- Voyage dans la Lune [A Trip to the Moon] (1905/Georges Méliès): Where the Lumière brothers stayed true to the seventh art (the camera) and its aesthetics, Méliès depended on only the technicalities of film to become the father of formative film, envisioning the medium as one of many in a cinematographic “Gesamtkunstwerk” (see The Godfather review on this blog). Trip to the Moon is his finest work.
- L’arrivée d’un train en gare de La Ciotat [The Arrival of a Train at La Ciotat Station] (1895/Auguste and Loius Lumière): Unlike Méliès, Lumière focused on the camera as the medium, and attempted to provide the very aesthetic quality of realism that separated the camera from the canvas or stage. Arrival of a Train is said to have terrified the first crowd of viewers who saw it back in 1896, as the train came silently screaming into the La Ciotat Station.
- Citizen Kane (1941/Orson Welles): On one hand biting drama and on the other hand playful comedy, Kane is the ultimate example of an auteur picture, and paved the way for director-centric pictures of the future. Kane, in a nutshell, was cinema experts finally reaping what they had sown, a composite picture of multi-genre, pseudo-realism that introduced such cinematographic necessities as deep-focus, trick photography and flashbacks.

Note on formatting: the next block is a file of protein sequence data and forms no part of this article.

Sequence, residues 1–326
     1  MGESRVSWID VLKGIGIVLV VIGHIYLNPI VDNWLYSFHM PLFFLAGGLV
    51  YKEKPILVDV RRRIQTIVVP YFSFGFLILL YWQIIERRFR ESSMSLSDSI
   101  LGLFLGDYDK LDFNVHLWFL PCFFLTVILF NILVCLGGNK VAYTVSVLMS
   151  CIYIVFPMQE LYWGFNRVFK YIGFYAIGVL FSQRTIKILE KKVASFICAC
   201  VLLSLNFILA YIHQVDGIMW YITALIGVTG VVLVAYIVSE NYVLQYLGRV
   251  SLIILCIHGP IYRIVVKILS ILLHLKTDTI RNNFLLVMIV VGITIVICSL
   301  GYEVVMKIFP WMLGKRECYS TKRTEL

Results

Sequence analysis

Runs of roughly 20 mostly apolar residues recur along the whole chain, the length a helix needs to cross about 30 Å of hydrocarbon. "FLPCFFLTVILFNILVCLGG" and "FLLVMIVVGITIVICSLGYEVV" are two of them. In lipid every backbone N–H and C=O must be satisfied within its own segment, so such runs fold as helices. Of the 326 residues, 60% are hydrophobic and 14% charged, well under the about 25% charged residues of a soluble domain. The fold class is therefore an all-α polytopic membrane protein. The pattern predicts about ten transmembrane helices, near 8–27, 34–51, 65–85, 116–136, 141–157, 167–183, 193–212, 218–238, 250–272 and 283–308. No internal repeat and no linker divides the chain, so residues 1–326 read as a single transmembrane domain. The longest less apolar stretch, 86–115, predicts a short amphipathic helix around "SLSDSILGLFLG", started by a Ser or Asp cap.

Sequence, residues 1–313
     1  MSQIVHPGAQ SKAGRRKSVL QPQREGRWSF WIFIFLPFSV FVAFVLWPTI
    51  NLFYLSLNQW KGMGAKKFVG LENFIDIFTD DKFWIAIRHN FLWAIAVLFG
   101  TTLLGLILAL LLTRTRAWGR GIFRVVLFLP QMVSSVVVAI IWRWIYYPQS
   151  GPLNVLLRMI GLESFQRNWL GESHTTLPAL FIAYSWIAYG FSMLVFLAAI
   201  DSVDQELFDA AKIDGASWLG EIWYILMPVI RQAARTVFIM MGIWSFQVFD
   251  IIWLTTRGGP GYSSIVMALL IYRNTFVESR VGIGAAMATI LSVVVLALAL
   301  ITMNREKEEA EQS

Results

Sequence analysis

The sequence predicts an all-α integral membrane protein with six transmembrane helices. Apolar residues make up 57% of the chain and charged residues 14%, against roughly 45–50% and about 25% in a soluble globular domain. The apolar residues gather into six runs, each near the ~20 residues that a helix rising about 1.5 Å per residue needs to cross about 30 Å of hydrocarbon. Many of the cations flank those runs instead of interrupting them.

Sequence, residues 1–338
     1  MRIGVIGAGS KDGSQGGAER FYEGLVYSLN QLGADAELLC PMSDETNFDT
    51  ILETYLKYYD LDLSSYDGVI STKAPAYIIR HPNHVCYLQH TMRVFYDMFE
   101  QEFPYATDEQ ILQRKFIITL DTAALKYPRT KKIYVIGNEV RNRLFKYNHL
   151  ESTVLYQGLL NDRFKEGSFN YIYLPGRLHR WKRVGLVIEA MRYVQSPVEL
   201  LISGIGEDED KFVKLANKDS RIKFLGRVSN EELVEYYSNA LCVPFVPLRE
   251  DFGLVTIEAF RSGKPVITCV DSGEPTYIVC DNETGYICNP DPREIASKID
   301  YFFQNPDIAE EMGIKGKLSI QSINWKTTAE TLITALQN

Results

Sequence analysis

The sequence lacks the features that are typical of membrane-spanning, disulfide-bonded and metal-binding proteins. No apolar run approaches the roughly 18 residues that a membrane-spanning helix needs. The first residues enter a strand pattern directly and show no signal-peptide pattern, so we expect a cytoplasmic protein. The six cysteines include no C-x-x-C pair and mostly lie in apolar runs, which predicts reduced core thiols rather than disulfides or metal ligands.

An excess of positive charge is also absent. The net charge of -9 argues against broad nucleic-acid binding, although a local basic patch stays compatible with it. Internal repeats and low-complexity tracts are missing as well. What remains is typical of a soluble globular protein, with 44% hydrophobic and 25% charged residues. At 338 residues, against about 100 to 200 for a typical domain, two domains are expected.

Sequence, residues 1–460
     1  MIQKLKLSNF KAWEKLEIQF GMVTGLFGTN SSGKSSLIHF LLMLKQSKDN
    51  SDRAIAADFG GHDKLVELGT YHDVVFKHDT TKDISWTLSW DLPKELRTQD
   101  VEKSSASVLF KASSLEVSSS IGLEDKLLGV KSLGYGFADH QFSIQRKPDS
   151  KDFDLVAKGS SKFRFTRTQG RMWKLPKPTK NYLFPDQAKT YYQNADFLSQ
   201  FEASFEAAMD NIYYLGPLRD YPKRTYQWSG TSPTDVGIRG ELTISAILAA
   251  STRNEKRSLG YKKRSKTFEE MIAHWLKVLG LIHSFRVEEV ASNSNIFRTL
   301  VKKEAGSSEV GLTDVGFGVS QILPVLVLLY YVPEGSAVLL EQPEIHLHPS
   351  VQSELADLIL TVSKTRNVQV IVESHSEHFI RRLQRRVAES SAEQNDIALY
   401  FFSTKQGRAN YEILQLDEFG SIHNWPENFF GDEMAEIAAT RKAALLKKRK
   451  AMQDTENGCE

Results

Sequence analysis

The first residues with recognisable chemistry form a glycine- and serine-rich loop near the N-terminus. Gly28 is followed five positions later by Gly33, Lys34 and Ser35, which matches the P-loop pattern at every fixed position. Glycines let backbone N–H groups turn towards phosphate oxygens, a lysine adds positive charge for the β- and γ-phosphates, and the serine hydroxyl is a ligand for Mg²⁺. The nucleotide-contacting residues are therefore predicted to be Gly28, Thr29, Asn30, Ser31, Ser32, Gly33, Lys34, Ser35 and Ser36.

- The Jazz Singer (1927/Alan Crosland): The first major film of the sound era. Most likely, that is enough said. Also, a powerful precursor to a brand new genre: the musical, particularly the comedic one.
- À bout de souffle [Breathless] (1960/Jean-Luc Godard): While this film did not necessarily start the French New Wave (Varda’s La pointe courte, in my opinion, takes those honors), it undeniably changed the wave from a ripple to a tsunami. This movie set the stage for the fast paced, hand-held, jump-cut style “art/action” picture that has come to dominate theaters today.